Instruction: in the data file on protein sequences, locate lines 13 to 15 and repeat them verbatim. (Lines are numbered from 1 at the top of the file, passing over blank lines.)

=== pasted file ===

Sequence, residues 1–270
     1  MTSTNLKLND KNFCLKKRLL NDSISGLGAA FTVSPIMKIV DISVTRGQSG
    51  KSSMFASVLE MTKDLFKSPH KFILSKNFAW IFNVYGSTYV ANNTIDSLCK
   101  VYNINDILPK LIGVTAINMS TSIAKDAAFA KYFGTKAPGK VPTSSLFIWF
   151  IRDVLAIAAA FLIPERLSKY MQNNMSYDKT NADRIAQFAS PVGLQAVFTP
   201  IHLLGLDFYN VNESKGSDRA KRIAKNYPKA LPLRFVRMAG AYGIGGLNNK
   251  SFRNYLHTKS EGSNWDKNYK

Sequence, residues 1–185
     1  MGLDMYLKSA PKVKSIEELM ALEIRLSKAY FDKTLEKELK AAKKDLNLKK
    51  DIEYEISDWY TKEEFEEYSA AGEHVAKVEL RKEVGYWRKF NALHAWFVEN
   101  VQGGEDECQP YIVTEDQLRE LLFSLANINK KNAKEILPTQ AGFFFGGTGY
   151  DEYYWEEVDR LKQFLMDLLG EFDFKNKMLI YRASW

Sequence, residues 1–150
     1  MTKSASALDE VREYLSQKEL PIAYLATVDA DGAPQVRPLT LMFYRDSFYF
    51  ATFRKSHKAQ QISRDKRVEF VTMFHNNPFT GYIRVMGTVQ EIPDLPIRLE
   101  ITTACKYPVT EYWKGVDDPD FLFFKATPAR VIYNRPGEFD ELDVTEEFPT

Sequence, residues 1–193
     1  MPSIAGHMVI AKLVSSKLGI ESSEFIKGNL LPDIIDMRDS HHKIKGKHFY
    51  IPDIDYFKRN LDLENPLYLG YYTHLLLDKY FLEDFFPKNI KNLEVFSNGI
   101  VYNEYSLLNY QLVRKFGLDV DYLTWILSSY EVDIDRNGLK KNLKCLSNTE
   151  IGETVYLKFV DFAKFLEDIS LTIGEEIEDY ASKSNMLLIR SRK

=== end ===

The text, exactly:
Sequence, residues 1–150
     1  MTKSASALDE VREYLSQKEL PIAYLATVDA DGAPQVRPLT LMFYRDSFYF
    51  ATFRKSHKAQ QISRDKRVEF VTMFHNNPFT GYIRVMGTVQ EIPDLPIRLE